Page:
so while you are stock sort thru what you need and what works for you, doesn`t hurt to carry, blocks, 12x12 plywood whatever makess it easier for you to use the jack in soft soil...

On beaches you are required to have a means to change a tire or unstuck yourself before calling in the big boy wreckers.

Good luck!:bigthumb:

Power built 3 ton all in one> http://www.tractorsupply.com/en/store/powerbuiltreg;-3-ton-jack-amp;-jack-stand


as mentioned just make sure periodically the jack works... any one of them can fail at any time regardless of brand or price...
 

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Wanderlust
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Hello All!

I'm a new FJ owner (new to me, just got a 2008!) and a first-time 4x4 off-road driver. For the last 4 days straight I drove around the Kofa Mountains (I'm a landscape photographer and looking for locations). I went further and further into areas that seemed "dangerous" to me (deep sand, over huge rocks, over smaller sharp rocks, holes, etc...). Every day I tackled something a little more extreme and I was amazed that I never popped a tire. My luck came to an end yesterday and I got my first flat. Fortunately it happened on the freeway after I had exited the mountain range.

I had trouble using the bottle jack on the freeway and realized I would have truly been screwed had I popped the tire out on the non-level, alternating hard and soft surface of the terrain out there. (Not to mention the 108 degree heat of the mountains and the fact that in 4 solid days of driving I did not see a single human being...)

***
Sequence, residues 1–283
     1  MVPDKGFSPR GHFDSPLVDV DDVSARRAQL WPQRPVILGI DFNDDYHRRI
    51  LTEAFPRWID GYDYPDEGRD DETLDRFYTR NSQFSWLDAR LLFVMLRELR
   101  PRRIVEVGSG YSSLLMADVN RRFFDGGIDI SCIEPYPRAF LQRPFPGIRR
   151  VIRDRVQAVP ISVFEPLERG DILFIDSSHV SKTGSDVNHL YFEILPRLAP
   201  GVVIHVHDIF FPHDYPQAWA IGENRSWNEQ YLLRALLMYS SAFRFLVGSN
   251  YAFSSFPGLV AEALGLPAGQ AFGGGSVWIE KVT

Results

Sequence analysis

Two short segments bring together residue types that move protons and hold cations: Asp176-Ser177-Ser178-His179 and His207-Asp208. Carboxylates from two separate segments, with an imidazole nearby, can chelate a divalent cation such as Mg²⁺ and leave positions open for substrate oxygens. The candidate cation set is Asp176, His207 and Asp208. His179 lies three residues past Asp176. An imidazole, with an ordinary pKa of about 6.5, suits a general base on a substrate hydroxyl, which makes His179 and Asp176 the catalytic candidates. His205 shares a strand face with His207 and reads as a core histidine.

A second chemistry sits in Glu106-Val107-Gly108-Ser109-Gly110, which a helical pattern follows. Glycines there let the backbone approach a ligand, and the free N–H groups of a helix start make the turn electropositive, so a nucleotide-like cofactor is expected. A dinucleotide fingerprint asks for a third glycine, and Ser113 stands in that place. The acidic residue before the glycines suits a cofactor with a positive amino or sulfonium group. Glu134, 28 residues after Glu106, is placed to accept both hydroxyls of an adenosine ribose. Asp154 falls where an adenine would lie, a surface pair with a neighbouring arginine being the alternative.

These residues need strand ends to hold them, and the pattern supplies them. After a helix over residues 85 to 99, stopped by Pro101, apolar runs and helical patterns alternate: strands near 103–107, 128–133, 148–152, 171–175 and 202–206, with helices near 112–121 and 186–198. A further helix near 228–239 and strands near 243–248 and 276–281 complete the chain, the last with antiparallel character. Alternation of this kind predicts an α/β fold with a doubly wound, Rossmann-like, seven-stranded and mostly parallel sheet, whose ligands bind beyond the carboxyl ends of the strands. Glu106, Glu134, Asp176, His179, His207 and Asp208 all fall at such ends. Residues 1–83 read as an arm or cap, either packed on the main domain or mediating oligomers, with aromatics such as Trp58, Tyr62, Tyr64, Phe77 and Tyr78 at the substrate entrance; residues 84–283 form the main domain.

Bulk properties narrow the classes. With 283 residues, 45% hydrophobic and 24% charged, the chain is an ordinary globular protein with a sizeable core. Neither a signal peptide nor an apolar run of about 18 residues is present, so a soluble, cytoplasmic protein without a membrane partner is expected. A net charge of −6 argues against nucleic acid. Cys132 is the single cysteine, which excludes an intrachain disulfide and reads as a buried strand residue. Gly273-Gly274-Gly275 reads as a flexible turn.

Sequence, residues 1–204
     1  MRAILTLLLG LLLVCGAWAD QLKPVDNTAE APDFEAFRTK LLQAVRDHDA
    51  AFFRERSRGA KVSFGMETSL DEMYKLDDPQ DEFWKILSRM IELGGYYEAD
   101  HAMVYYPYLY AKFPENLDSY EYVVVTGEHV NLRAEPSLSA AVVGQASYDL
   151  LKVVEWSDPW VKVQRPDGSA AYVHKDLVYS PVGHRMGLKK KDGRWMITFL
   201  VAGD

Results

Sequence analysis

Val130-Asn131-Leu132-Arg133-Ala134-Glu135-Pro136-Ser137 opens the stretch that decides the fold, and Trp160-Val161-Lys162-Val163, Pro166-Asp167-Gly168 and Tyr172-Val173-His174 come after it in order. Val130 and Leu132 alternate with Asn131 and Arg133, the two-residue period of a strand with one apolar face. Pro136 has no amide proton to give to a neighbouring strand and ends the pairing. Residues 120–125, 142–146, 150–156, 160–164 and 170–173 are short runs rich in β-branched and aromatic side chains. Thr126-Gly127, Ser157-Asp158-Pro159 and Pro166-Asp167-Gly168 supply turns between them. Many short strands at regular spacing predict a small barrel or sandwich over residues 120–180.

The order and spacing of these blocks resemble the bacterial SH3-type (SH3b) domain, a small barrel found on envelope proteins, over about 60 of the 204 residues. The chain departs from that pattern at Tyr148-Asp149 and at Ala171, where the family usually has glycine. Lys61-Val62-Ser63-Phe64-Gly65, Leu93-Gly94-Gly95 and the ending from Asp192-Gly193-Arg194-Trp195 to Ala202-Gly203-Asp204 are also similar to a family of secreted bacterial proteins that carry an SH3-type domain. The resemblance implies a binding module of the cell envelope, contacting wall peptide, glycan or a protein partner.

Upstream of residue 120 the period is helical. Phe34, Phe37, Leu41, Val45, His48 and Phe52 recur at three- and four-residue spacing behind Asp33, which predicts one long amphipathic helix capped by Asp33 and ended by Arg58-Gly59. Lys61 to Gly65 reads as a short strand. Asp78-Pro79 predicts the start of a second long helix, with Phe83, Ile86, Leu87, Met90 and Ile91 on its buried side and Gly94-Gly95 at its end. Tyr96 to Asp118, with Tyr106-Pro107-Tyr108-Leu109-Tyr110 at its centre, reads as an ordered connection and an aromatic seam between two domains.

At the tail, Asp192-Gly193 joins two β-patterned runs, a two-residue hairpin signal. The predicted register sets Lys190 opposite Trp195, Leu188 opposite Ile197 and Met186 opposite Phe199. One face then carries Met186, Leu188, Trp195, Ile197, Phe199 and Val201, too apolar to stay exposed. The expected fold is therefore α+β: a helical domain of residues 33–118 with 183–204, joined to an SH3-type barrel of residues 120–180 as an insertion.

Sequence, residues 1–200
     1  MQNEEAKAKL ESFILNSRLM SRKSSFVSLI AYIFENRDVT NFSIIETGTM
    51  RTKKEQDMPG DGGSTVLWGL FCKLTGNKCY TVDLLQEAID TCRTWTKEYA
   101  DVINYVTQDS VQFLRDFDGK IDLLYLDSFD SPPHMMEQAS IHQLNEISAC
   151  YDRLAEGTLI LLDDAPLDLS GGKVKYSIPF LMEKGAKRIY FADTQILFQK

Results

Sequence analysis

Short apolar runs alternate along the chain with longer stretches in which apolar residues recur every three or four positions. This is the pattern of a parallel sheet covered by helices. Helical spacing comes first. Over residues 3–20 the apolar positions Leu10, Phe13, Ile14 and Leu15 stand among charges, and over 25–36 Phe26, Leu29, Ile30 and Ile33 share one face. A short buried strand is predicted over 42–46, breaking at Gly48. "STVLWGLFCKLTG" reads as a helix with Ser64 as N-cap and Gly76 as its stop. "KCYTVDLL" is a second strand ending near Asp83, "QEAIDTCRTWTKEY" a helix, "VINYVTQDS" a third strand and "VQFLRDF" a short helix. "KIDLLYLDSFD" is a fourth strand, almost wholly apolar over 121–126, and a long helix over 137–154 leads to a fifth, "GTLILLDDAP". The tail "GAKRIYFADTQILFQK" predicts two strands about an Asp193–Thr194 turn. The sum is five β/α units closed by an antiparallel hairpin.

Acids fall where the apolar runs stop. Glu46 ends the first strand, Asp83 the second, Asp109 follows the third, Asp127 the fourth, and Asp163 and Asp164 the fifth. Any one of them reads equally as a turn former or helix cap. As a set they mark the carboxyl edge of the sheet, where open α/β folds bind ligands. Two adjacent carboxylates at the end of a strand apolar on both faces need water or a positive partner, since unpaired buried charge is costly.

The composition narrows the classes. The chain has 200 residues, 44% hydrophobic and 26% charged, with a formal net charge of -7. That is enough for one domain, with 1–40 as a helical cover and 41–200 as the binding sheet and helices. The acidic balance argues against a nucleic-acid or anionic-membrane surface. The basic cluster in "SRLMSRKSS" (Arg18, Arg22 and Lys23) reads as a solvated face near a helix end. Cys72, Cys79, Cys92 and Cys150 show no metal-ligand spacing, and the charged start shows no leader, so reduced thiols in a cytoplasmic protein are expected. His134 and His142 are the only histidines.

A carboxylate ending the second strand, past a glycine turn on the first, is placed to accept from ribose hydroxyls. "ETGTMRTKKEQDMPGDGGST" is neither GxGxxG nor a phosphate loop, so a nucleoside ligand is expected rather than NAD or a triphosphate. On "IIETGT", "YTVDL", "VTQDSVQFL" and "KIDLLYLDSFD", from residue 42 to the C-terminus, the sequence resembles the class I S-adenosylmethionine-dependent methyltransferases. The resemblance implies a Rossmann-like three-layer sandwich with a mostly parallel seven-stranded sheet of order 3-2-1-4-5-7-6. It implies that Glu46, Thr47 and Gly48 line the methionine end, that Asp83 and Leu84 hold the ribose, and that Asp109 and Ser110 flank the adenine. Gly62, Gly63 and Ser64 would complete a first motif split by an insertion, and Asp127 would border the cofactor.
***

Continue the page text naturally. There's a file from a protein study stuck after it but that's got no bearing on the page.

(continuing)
So this afternoon I spent a very unsuccessful 2 hours trying to figure out what kind of jack I should carry with me in case I pop a tire in an offroad setting. The easiest solution (even if its pricier) would be best for me. Thanks for any advice you can offer!

:smile
Welcome! I've spent time out in the Kofa Mtns and somewhat familiar with the terrain there. There are a few abandoned mines there so exercise caution so you won't drive into one. :smile You haven't mentioned what tires your 2008 FJC came with; I suspect it may have passenger tires. Going to offroad tires will help reduce the chance of punctures and flats plus you can air down a little for more comfort offroading (20 to 25 psi). The OE bottle jack is fine for tire change but I also carry a Bushranger X-Jack. The X-Jack is more expensive but much safer than a Hi Lift. You also do not need to add aftermarket bumpers or sliders to use an X-Jack. I carry a few tarps in case I need to use the X-Jack on rocky soils to minimize the chance of puncturing the X-Jack.





The X-Jack can be purchased with a discount from some of our supporting vendors such as Wilson/Toyota of Dallas. I also carry a tire repair kit and an air compressor (I like ARB but Viair is also good). Sometimes it's easier to plug and air up versus doing a tire change. HTH

Edit: Found my old thread on Castle Dome Mines. Enjoy.
 

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Hi, when I tried to use the bottle jack, I couldn't even find where to slot it under the axle. The FJ manual had 3 different illustrations and all looked different. When I got under the vehicle in the dark, I couldn't see a place hole / place for it to go!
There's no "hole" for it to go... just put it under the axle or if it's at the back put it under the differential (my preferred place).

As stated previously, the stock jack should be just fine under normal circumstances (on road).

:cheers:
 

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Xjack airbag is good,
Hilift with offroad base & liftmate attachment allows you to lift by the wheel. Use the bottle jack with a 12" square plywood base to hold the car once lifted with the hilift to change the tyre.
 

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one of these:



I recently bought one from Tractor supply. I also have a 4" high solid base for loose soil/sand, so in your instance if you are not lifted, carry a 12x12 piece of 1/2 or 3/4 plywood...
I carry one of these too. Worked great a couple times I have used it on trails.

Was less than $50 at Pep Boys. Powerbuilt Unijack 6000